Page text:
(5)     When attending formal union-management consultations, or during contract negotiations.
b.     Employees in the bargaining unit will not be required to wear the military uniform while:
(1)     Processing a grievance under the negotiated grievance procedure at the third step.
(2)     Appearing as a grievant, appellant, or witness before a third-party proceeding.
(3)     Appearing as negotiator at contract negotiations.
(4)     Attending a labor/management session in connection with any third-party proceeding.
(5)     When in an official travel status, traveling by commercial or private transportation. [ v57 p61 ]
(6)     While participating as committee members, witnesses at a hearing or data collectors in the Federal Wage Survey.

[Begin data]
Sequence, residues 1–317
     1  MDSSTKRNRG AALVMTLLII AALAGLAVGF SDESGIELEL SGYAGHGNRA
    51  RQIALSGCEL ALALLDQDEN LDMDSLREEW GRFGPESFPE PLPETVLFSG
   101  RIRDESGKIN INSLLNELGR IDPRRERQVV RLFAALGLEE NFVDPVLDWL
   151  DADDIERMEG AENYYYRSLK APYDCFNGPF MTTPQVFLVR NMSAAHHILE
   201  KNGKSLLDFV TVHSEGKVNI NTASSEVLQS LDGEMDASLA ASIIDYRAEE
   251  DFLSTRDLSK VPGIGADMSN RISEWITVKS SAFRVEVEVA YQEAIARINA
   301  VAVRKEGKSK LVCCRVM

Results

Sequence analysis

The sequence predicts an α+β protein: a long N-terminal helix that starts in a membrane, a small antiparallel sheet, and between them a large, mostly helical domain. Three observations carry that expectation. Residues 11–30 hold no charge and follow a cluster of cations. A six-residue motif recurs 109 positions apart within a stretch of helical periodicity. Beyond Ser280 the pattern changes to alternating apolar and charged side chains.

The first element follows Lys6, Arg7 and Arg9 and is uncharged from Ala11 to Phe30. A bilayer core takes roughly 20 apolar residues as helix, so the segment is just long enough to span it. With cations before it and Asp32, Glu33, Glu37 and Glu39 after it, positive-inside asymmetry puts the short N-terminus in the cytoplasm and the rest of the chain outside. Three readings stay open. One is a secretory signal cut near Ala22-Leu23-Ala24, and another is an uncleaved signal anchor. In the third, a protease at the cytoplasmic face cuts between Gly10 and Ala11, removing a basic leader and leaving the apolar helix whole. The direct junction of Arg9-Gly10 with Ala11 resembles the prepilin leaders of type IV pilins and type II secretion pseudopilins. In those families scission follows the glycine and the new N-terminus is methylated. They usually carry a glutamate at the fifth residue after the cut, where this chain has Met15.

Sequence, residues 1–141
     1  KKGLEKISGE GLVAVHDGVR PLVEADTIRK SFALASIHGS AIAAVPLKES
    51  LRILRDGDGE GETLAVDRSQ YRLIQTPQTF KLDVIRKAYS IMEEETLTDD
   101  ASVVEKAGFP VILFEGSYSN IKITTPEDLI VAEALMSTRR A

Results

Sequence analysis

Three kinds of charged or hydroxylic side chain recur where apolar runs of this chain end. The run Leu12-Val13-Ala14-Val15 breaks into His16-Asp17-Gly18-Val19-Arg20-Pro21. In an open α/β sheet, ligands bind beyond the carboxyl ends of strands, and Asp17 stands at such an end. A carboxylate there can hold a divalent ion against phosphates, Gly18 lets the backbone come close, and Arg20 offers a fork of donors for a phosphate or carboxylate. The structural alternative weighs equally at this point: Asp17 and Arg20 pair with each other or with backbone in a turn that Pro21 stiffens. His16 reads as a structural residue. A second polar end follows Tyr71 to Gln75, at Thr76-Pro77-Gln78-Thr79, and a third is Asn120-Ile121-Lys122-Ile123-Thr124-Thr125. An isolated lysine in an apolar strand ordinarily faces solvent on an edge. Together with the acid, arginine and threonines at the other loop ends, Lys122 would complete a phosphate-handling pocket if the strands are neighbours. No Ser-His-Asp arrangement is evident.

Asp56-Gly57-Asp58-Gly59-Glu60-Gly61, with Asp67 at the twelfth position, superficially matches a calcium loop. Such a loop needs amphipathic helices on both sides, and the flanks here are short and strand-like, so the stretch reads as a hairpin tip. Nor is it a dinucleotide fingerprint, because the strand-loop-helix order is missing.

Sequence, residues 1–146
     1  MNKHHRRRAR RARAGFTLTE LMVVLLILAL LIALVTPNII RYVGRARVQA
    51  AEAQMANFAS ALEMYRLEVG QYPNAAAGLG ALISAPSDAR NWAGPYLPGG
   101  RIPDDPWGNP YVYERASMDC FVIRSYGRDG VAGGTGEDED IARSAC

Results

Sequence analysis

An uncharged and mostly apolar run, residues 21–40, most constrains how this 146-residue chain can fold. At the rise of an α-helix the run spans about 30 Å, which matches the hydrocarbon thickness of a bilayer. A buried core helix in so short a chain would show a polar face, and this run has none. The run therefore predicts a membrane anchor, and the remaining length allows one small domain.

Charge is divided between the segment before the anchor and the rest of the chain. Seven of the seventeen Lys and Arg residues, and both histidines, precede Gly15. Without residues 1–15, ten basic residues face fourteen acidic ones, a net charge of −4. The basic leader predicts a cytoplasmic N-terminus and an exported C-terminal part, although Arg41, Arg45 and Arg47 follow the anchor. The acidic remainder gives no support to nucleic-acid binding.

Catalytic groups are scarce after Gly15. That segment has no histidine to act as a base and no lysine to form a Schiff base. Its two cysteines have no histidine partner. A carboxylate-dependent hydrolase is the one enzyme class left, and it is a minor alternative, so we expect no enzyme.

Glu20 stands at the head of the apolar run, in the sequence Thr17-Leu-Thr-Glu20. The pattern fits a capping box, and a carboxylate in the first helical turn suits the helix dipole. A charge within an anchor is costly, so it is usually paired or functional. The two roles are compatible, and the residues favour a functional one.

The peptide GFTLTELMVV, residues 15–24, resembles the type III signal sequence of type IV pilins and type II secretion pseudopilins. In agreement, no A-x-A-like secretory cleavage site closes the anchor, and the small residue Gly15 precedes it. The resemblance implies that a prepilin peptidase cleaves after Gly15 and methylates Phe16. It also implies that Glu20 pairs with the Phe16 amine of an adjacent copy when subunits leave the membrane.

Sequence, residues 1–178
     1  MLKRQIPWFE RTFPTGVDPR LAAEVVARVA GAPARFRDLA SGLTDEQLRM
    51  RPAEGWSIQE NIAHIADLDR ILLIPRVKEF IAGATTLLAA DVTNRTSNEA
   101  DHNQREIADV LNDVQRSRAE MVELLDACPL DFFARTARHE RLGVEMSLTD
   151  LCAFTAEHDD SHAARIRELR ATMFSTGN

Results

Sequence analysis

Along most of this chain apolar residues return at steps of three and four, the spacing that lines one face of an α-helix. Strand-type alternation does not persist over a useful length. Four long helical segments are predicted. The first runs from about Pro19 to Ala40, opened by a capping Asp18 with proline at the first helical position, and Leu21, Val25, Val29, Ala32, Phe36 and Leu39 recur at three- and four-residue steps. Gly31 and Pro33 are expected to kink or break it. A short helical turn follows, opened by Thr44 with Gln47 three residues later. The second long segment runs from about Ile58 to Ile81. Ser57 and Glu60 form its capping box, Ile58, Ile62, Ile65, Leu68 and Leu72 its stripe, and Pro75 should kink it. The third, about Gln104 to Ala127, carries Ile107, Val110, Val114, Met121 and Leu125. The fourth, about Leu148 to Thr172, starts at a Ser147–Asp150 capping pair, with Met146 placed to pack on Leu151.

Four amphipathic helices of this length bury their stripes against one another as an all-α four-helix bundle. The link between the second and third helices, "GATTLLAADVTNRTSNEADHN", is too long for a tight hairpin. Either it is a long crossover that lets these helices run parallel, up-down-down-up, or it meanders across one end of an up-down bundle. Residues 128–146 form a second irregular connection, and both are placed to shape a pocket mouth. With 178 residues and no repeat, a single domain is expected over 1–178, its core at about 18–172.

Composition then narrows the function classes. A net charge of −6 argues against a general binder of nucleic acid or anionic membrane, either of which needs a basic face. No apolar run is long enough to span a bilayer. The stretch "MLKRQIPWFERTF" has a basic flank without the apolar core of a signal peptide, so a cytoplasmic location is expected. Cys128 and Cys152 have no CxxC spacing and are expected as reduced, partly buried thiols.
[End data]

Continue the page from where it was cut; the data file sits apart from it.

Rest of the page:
c.     Reasonable time at the workplace will be allowed officers, stewards and employees to change into and out of the military uniform under the circumstances stated in subsections a and b of this article.

(Only the underlined portions are in dispute.)

III.     Positions of the Parties

A.     Agency

      With respect to subsection 7b of the provision, the Agency makes essentially the same arguments that were presented in ACT, Montana. Briefly stated, the Agency claims that the provision is contrary to 32 U.S.C. § 709(b)(3) and management's right to assign work under § 7106(a)(2)(B) of the Statute. [n4]  As to § 709(b)(3), the Agency argues, based on legislative history, that the requirement to wear the military uniform "`while performing duties as a technician'" applies while technicians are "at their job." Statement of Position at 10. In the Agency's view, this includes participation in third-party proceedings.